ATTLELINES are being drawn in a bid to stop more green fields in Rownhams being swallowed up by houses.
Villagers are up in arms after plans to build 140 homes at Fields Farm, until recently owned by Barker-Mill Estates, were announced. It follows closely in the wake of another scheme to build 320 houses on a neighbouring piece of land. A Government planning inspector is currently deciding whether that development at Parkers Farm should go ahead.
Developer Pigeon Investment Management Limited (PIML) is behind the latest application on 21acres of farmland next to the junction of Rownhams Lane and Bakers Drove, which is bounded by a site of importance for nature conservation to the south and east. A public exhibition on the proposals was held in Rownhams last month.
Besides the homes, PIML’s scheme includes community orchard, a play area, new public footpaths and open space.
PIML says claims that there are “many people” in the local area who want to get onto the housing ladder but can’t afford to buy their own home and the proposed development will help them do it.
It also says the scheme will help elderly people in Rownhams who want to down size homes and remain in the village.
PIML also points out that Test Valley Borough Council is unable to demonstrate it has sufficient land supply to meet housing needs during the next five years.
“The council can only demonstrate a 4.45 year housing supply for southern Test Valley which falls below the 5.25 year supply required by the Government’s National Planning Policy Framework. We have undertaken our own evaluation and believe the shortfall is in reality much greater. We believe that Fields Farm can help deliver this shortfall of new homes,” claims PIML, which promotes land for development across the South East. However, some villagers take a different view.
Tony Seaton who was involved in the “Say No to Parkers Farm” campaign, said that where landowners had been given permission to build but hadn’t gone ahead with the homes, it was creating land supply problems.
“That’s part of the problem, seven years of planning permissions have been granted but the land has been put in the land bank creating a land supply shortage and requests to build on good farming land like Field Farm which is grade 3A and 3B agricultural land,” said Mr Seaton.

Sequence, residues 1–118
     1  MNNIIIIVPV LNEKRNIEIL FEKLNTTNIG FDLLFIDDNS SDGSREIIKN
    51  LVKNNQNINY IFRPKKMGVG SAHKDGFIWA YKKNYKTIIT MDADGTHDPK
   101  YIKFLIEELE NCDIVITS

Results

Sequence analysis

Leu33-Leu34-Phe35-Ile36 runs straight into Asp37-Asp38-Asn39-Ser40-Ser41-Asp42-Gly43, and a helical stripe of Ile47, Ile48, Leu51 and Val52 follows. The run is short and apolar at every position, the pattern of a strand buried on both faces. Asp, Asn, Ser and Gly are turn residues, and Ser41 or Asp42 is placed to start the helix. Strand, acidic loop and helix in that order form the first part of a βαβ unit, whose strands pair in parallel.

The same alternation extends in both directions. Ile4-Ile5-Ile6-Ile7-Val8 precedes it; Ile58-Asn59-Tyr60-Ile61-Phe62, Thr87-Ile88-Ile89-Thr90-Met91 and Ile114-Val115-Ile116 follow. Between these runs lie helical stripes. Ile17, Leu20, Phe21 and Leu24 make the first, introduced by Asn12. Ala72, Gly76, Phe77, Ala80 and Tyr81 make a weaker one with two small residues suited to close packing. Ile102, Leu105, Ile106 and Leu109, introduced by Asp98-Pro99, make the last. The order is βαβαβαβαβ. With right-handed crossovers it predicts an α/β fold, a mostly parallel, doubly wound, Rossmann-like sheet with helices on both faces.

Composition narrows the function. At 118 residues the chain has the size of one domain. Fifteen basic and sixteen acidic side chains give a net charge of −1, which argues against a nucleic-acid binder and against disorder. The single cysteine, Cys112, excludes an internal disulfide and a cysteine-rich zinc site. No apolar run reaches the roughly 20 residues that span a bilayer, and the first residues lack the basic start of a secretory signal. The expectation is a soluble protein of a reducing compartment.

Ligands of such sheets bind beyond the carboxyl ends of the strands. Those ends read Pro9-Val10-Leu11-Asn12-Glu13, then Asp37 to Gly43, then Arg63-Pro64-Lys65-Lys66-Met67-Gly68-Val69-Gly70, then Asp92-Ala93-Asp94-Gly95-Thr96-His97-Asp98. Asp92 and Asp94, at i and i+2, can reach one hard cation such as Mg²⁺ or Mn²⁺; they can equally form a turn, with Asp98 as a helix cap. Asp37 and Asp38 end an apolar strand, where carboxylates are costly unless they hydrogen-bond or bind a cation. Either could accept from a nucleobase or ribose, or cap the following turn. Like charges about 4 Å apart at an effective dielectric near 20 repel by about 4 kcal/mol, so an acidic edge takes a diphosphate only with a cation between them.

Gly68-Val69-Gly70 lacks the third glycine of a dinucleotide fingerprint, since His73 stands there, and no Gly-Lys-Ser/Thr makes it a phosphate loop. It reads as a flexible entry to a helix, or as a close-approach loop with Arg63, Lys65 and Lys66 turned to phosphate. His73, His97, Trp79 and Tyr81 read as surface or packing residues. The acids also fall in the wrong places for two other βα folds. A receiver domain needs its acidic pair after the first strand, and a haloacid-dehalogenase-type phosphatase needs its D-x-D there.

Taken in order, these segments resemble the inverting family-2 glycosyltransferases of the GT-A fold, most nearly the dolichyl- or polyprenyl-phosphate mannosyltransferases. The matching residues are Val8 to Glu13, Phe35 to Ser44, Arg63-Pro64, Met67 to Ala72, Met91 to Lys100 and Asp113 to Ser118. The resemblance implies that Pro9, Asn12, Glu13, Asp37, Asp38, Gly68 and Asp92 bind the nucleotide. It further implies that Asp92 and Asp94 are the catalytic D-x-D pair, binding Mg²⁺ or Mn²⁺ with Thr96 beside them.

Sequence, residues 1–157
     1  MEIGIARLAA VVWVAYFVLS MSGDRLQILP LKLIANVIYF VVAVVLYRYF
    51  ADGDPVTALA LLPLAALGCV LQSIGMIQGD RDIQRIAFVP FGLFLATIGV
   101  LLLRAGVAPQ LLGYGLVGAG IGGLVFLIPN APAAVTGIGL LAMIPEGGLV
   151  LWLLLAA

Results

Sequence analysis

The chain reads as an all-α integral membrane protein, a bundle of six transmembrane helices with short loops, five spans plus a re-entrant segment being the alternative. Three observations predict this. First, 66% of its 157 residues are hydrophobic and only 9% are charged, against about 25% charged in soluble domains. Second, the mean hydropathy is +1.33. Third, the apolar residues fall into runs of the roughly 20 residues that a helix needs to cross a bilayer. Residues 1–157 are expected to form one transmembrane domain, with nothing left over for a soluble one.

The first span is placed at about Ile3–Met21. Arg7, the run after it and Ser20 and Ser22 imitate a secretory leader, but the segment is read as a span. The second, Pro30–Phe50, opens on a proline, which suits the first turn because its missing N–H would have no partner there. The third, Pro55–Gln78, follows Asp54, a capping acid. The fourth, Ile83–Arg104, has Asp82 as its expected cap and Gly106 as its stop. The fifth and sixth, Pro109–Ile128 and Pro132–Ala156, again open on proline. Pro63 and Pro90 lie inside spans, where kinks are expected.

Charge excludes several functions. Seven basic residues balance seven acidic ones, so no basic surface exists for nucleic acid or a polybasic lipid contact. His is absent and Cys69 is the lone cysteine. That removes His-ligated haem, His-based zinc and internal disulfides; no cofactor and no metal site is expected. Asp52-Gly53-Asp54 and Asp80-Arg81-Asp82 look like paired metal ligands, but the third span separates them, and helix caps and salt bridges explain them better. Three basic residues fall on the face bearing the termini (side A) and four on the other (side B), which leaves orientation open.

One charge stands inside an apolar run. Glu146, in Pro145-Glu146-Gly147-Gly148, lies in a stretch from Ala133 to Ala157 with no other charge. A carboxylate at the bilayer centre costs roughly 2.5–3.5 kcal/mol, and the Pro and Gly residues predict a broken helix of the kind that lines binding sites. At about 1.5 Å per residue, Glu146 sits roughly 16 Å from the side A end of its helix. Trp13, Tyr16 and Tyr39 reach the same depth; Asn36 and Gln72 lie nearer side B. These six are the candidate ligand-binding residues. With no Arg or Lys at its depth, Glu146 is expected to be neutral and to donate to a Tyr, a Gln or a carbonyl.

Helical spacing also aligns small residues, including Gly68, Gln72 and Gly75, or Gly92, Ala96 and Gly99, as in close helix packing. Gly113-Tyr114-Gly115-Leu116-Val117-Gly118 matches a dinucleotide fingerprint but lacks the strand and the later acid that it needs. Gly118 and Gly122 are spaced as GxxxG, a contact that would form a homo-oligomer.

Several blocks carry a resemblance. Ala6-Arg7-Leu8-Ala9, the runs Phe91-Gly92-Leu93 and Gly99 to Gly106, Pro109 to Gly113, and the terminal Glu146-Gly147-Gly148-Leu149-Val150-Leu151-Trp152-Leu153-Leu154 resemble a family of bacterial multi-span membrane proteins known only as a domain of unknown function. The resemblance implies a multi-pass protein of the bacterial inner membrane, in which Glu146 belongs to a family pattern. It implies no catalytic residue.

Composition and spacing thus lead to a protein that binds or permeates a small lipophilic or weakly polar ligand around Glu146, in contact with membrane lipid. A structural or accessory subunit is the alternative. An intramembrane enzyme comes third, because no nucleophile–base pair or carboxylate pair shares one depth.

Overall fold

He added that there was great deal of anger in the village last April when trees on the site were cut down to create an access road.
He claimed the work was done without a forestry permit or planning permission.
Nursling and Rownhams Parish Council has serious concerns about the growing number of proposed housing developments coming forward.
The authority fears Nursling and Rownhams will become a suburb of Southampton if a limit is not put on the number of homes in the village.
Parish Clerk Bill Ashdown said: “The parish council is concerned about the village losing its identity. These developments could produce gridlock on our roads and increase accidents and it would also put pressure on our schools and the community as a whole.”
Like Mr Seaton, Mr Ashdown also criticised developers who had been given planning permission to build new homes but had not done so.
“If National Planning Policy Framework (NPPF) figures included agreed developments but not yet built, this continued bombardment of planning applications might reduce.
“If the houses in Redbridge Lane (350 homes approved by a Government planning inspector following an appeal by Barker Mill Estates) had been built the need for housing within Nursling and Rownhams would have been removed,” concluded Mr Ashdown.